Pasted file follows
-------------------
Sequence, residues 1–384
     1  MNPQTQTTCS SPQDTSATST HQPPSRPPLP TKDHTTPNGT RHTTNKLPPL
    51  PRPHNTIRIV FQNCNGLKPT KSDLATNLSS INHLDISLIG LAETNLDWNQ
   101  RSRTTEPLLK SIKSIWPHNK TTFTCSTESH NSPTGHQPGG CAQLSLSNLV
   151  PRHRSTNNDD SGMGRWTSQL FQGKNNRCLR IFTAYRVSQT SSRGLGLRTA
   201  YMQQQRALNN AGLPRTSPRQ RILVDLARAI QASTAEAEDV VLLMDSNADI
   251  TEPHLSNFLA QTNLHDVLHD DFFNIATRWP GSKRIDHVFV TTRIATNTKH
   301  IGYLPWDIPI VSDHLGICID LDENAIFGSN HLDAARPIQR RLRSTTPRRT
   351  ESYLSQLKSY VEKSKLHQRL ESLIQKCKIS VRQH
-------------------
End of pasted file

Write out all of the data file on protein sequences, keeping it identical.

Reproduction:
Sequence, residues 1–384
     1  MNPQTQTTCS SPQDTSATST HQPPSRPPLP TKDHTTPNGT RHTTNKLPPL
    51  PRPHNTIRIV FQNCNGLKPT KSDLATNLSS INHLDISLIG LAETNLDWNQ
   101  RSRTTEPLLK SIKSIWPHNK TTFTCSTESH NSPTGHQPGG CAQLSLSNLV
   151  PRHRSTNNDD SGMGRWTSQL FQGKNNRCLR IFTAYRVSQT SSRGLGLRTA
   201  YMQQQRALNN AGLPRTSPRQ RILVDLARAI QASTAEAEDV VLLMDSNADI
   251  TEPHLSNFLA QTNLHDVLHD DFFNIATRWP GSKRIDHVFV TTRIATNTKH
   301  IGYLPWDIPI VSDHLGICID LDENAIFGSN HLDAARPIQR RLRSTTPRRT
   351  ESYLSQLKSY VEKSKLHQRL ESLIQKCKIS VRQH